Droughts Are Far More Common

The dried and cracked soil in an irrigation ditch next to a corn field is seen on a farm in Fresno, California, July 24, 2021.  (Photo: Robyn Beck, Getty Images) The dried and cracked soil in an irrigation ditch next to a corn field is seen on a farm in Fresno, California, July 24, 2021. (Photo: Robyn Beck, Getty Images)

The climate crisis is making droughts more frequent and more severe. There are a number of factors that led to this, including decreases in precipitation, earlier snow melt, and increased evaporation due to hotter temperatures, according to the new report, which was compiled by over 200 leading climate scientists from around the world.

The kind of extreme droughts that used to occur once per decade on average are now occurring 70% more frequently. If we allow the planet to reach 2 degrees Celsius of warming, these droughts will occur between two and three times as often as they did before we began emitting greenhouse gases.

Storms Are More Common, Too

A woman speaks into a mobile phone asking for help at her flooded residence in Lumberton, North Carolina, on September 15, 2018 in the wake of Hurricane Florence. (Photo: Alex Edelman, Getty Images) A woman speaks into a mobile phone asking for help at her flooded residence in Lumberton, North Carolina, on September 15, 2018 in the wake of Hurricane Florence. (Photo: Alex Edelman, Getty Images)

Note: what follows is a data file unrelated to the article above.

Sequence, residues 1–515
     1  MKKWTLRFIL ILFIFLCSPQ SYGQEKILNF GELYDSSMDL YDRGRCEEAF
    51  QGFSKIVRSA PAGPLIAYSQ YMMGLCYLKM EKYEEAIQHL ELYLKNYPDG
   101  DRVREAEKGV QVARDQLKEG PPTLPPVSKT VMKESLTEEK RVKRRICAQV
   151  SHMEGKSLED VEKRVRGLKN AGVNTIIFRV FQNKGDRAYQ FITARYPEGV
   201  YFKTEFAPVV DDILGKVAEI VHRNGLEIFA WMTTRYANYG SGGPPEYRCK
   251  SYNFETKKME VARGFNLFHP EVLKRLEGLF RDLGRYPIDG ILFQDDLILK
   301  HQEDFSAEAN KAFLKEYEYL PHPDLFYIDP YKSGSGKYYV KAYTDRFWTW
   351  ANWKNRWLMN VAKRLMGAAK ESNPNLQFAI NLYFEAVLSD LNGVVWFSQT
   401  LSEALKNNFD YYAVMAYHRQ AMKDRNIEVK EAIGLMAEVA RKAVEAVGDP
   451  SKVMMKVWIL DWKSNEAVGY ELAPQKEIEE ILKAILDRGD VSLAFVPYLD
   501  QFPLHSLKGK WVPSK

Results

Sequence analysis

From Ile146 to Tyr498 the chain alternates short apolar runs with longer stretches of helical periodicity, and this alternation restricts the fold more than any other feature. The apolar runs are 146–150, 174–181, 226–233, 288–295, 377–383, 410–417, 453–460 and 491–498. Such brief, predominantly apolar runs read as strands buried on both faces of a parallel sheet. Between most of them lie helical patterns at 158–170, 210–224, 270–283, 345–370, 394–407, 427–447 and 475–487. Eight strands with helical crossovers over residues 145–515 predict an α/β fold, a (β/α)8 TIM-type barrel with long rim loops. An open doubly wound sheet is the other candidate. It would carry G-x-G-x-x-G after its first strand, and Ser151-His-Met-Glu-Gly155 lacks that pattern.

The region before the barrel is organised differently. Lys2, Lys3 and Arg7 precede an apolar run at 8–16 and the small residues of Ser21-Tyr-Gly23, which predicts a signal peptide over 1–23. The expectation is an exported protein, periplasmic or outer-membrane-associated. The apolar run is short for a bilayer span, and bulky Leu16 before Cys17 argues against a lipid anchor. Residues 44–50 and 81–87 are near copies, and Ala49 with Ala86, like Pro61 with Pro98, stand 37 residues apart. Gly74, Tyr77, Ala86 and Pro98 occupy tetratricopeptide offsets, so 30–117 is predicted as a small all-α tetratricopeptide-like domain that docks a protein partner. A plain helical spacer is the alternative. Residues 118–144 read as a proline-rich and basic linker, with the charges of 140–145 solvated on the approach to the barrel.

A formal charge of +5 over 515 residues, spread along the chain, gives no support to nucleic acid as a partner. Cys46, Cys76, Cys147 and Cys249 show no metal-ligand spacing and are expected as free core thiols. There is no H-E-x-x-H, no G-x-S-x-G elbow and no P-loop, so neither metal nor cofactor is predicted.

The climate crisis is making some places far drier, but it’s making other regions much wetter, largely because warmer air can hold more water vapour. Heavy rains have become about 30% more frequent globally, and they contain about 7% more water on average, the report says. The report authors also say it is likely that the number of severe hurricanes and typhoons has increased since the 1970s due to the climate crisis.

Even if we limit heating to 1.5 degrees Celsius, heavy rain is projected to increase in Europe, North America, and most regions of Africa and Asia. But the more we let the planet warm, the more severe and frequent dangerous storms will be.

We Know What We Have To Do

Protesters hold a banner in Naples on July 21, 2021, during a rally against the climate and energy G20 summit starting on July 22, 2021. (Photo: Filippo Monteforte, Getty Images) Protesters hold a banner in Naples on July 21, 2021, during a rally against the climate and energy G20 summit starting on July 22, 2021. (Photo: Filippo Monteforte, Getty Images)

Nothing in the new IPCC report is particularly surprising. But that doesn’t mean it’s any less of a gut punch to see it all spelled out.

The study shows that there’s basically no scenario — not even global eco-socialism implemented tomorrow — where the scientists are sure we can avoid 1.5 degrees Celsius of warming by the middle of the century, and that level of warming, a major 2018 IPCC report showed, will be absolutely brutal.

But just as important is another conclusion: If we rapidly and urgently decarbonize every sector of the economy, we can push temperatures back downward by the end of the century and avert the worst consequences of the climate crisis.

“What we’re doing by acting aggressively, soon, is making sure that these next two decades of warming may be some of our last, and we are reserving the right to potentially begin cooling globally later this century,” Kim Cobb, report co-author and a coral researcher at Georgia Tech, said on Sunday’s press call.

If we want to reach that global cool-off, we don’t have time for empty rhetoric or half-measures.

“The most concerning thing is just how little time is left to act if we want to stabilise temperatures,” said Flato.